Shelf Awareness for Readers for Friday, June 8, 2018
From My Shelf
Literary Characters' Best Revenge
"Literary characters who got revenge living their best life" were featured by Quirk Books.
"Read 20 famous authors' very first published short stories," courtesy of Lit Hub.
Call Me by Your Name author André Aciman picked five books about first love for the Guardian.
For McSweeney's, Brianna Zgodinski listed "famous works of literature that also describe the night I lost my virginity."
Barba tenus sapientes, for example. Mental Floss suggested "20 Latin phrases you should be using."
Each of the elements in Leo D'uk's Zex bookshelves "can be in five different color solutions. Shelves made of veneered boards and sheet metal."
by Hannah Pittard
On June 3, 1962, a chartered plane crashed shortly after takeoff from Orly Field near Paris. Among the dead were 121 of Atlanta's most influential civic leaders, philanthropists and arts patrons, all returning home after a three-week museum tour. Thirty-three children and young adults lost both parents in the disaster, which Mayor Ivan Allen declared to be his city's "greatest tragedy and loss."
A native of Atlanta, Hannah Pittard (Listen to Me) has constructed Visible Empire as a tight, compact work of historical fiction based on this event. In this, her fourth novel, Pittard explores the emotional wreckage and recovery of a community impacted by tremendous loss. While she could have chosen to write a strictly historical account of the incident (Mayor Allen is one of several real-life figures in Visible Empire who actually experienced the tragedy's aftermath firsthand), Pittard's literary prowess is on full display through her ability to intermingle fact with fiction.
The novel grounds the reader firmly in the chaos and confusion that engulf Atlanta in the month following the crash, as its residents begin to grasp the scope of the tragedy and attempt to cope with their shock and grief. The devastating impact of their collective loss becomes palpable. "In short, it felt like everyone because... it was everyone," Pittard writes of Mayor Allen's emotionally shell-shocked wife, Lulu. "It was everyone she cared about, and they were all gone in a single, heartbreaking, unbelievable whop."
The abundance of unforgettable characters gives Visible Empire the feel of a novel in linked stories form, as Pittard skillfully pivots her narrative around three distinct yet interconnected perspectives.
Newspaperman Robert Tucker is planning to leave his very pregnant wife, Lily, for Rita, a "girl about town" reporter assigned to cover the trip. Shortly before boarding the ill-fated flight, Rita pens a fateful, decisive letter to Robert, a missive that will survive the crash. Despite the death of his mistress (or maybe because of it), Robert confesses his affair to Lily and proceeds with abandoning his expectant wife, whose parents also were among those killed.
As he unravels further and descends into drunken binges, Robert and fellow ne'er-do-well P.T. Coleman (who lost his wealthy parents) recruit African-American teenager Piedmont Dobbs to drive them to a mysterious, remote mansion in the middle of the night. The hidden enclave turns out to be affiliated with the Ku Klux Klan.
Piedmont, who ran away from home after his application to attend one of the city's all-white high schools was rejected, symbolizes the divisions and tensions defining a city on the cusp of change. He wants a better future, but feels guilty and conflicted about how much he is personally prepared to sacrifice, especially when compared to his emerging activist friends. "Whenever Michael and Jeremy talked about the meetings they attended, Piedmont would wonder about his own responsibility with regard to the Negro Cause. He wondered if it was okay to sit back, keep his head down, and wait for whatever improvements those around him might acquire on his behalf. He wondered if he even believed a better future was possible."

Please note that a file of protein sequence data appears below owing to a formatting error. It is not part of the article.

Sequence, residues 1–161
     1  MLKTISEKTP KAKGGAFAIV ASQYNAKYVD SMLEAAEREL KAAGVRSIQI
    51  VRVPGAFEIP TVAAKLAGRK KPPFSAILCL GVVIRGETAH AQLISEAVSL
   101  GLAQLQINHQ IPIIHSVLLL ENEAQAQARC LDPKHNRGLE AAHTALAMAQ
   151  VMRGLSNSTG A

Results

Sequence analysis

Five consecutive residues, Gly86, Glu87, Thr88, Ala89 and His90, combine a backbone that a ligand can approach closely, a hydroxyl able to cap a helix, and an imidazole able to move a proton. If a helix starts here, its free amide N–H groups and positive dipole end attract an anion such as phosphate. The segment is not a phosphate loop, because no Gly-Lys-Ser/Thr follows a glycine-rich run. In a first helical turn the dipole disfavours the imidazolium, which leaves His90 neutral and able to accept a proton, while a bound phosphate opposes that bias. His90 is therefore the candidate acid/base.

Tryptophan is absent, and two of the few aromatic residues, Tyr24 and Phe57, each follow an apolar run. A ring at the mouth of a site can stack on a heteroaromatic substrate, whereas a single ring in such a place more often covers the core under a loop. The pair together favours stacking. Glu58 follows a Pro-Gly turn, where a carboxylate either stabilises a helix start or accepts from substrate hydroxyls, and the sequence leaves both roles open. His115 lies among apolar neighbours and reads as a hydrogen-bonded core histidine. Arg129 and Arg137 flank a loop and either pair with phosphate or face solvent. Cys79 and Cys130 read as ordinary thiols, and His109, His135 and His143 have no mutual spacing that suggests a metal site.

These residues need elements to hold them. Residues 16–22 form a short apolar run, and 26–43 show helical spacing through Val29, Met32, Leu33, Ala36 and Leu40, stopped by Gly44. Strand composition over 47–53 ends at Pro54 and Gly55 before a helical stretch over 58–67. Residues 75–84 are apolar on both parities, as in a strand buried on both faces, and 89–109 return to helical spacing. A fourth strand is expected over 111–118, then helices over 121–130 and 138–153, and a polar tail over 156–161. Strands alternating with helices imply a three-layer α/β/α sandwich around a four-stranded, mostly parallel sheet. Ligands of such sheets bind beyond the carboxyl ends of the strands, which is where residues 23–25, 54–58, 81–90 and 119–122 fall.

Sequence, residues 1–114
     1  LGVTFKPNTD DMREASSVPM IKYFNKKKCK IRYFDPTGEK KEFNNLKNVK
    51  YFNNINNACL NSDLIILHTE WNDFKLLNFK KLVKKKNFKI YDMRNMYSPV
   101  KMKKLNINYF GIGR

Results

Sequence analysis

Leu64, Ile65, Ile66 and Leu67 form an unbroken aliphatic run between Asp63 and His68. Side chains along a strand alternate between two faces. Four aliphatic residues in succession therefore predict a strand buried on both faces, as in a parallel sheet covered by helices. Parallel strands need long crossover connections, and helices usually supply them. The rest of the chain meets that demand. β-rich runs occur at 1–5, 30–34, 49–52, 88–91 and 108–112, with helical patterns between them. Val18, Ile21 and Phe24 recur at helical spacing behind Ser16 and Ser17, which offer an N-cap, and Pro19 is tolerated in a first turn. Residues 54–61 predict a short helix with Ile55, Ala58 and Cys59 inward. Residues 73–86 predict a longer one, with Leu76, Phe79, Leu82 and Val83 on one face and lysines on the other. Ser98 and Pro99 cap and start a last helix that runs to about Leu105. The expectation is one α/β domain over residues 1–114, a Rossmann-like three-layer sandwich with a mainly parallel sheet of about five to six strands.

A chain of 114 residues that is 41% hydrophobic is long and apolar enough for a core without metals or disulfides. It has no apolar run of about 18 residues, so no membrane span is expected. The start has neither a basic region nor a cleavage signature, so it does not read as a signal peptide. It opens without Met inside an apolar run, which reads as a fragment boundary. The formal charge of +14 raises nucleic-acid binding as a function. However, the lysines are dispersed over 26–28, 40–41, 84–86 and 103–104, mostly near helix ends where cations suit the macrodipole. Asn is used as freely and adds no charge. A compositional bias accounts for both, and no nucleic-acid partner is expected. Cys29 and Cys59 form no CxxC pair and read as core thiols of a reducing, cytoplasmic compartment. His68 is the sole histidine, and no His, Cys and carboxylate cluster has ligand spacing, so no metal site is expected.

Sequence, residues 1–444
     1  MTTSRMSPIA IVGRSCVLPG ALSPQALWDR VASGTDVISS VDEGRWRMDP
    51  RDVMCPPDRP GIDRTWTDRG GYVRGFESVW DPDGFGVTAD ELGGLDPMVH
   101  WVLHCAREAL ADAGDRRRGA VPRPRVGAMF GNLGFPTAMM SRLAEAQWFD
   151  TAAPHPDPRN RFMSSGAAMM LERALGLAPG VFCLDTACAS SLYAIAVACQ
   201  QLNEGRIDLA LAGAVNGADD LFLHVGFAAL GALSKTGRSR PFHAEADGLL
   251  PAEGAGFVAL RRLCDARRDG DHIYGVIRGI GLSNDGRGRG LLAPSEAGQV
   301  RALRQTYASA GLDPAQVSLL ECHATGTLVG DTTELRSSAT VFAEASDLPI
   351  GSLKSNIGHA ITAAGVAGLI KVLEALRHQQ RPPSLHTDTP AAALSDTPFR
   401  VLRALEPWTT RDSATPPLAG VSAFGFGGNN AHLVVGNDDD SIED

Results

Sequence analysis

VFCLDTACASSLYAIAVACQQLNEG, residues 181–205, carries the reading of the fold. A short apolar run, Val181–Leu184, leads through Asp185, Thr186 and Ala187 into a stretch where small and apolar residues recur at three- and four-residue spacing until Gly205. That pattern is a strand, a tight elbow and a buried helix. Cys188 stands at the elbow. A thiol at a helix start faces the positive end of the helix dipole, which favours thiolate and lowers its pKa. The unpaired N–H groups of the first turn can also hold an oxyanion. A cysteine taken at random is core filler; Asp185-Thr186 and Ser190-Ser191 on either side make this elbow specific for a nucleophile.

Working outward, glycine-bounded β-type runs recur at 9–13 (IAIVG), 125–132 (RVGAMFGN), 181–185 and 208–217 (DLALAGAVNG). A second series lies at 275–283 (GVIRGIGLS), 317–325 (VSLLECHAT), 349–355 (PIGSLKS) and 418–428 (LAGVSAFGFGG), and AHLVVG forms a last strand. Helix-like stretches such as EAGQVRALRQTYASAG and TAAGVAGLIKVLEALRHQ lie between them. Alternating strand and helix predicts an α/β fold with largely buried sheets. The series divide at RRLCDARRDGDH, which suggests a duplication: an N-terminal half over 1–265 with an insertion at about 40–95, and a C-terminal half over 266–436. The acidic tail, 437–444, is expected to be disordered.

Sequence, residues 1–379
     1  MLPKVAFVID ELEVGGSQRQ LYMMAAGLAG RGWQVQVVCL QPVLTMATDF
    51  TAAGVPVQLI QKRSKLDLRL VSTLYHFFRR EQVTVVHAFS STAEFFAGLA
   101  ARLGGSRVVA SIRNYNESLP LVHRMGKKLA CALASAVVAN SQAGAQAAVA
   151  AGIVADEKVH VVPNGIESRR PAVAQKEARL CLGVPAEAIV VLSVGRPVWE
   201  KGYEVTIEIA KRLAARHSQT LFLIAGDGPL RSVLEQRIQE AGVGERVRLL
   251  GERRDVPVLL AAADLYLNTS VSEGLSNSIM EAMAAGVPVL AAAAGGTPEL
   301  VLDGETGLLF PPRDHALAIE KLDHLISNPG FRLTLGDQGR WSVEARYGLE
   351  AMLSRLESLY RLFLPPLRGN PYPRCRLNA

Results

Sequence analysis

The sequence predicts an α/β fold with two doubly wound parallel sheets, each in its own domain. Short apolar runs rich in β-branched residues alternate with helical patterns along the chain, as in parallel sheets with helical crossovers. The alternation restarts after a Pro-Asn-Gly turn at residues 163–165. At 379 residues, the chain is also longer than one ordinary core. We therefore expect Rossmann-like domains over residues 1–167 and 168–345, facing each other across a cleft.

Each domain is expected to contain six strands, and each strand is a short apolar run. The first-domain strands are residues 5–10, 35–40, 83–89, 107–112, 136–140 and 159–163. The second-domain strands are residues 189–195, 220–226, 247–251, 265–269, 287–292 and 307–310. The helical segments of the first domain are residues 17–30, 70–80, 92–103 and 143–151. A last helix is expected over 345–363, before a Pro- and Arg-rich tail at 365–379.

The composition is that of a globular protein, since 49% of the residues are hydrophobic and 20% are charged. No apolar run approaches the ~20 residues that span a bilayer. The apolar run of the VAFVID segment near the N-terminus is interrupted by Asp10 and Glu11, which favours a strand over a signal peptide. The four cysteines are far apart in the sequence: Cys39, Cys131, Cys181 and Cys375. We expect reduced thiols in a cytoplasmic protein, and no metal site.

Finally, Pittard uses Anastasia Rivers's storyline to further illustrate the crash's capacity for exposing long-buried secrets and shattering all that friends, lovers, family members and colleagues thought they knew about the people in their lives. Anastasia is a beautiful diver who performs to the delight and pleasure of wealthy diners--and a sexist manager--at a newly constructed downtown Atlanta hotel.
To get the job, Anastasia rewrites her personal history: instead of having been abandoned by her parents and left under a bridge with her twin brother, Billy (which, admittedly, already is dramatic enough), she concocts an even more elaborate Grimm-like rags-to-riches-to-rags tale. In what is perhaps Pittard giving a subtle nod to Oscar Wilde and his Dorian Gray, Anastasia attracts the attention of Genie Case, a socialite who deliberately seeks out and seduces Anastasia to stave off her inevitable aging and satisfy her own hidden, then socially unacceptable desires.
Pittard's ability to weave these three seemingly disparate narratives together makes Visible Empire a dizzying yet compelling, dramatic read. She brings the reader into the heat of Atlanta's sizzling summer of 1962, with nostalgic details defining an era. This is a time when people smoked in public, called collect (the constantly ringing phones evoke a time when breaking news was communicated through one-on-one conversations, not tweets or vibrating texts), drank during pregnancies and placed the baby in "the basket in the backseat and pulled around the buckle to keep it from shifting" as they drove. One almost expects to see Mad Men's Don Draper at the wheel.
Still, despite these unassuming, quaint-sounding and downright dangerous bygones, Visible Empire feels familiar. The snare drum of change that was sounding in 1962, combined with the racial, sexual and cultural tensions and inexplicable losses that soon would test the resiliency of a nation, has relevance as it reverberates more than five decades later. --Melissa Firman
Hannah Pittard: Capturing a Moment of Change
|photo: Jenn Harris|
Hannah Pittard is the author of four novels, including Listen to Me, a New York Times Editors' Choice. She received the 2006 Amanda Davis Highwire Fiction Award, was a MacDowell Colony Fellow and is a consulting editor for Narrative magazine. She directs the MFA creative writing program at the University of Kentucky, where she is an assistant professor.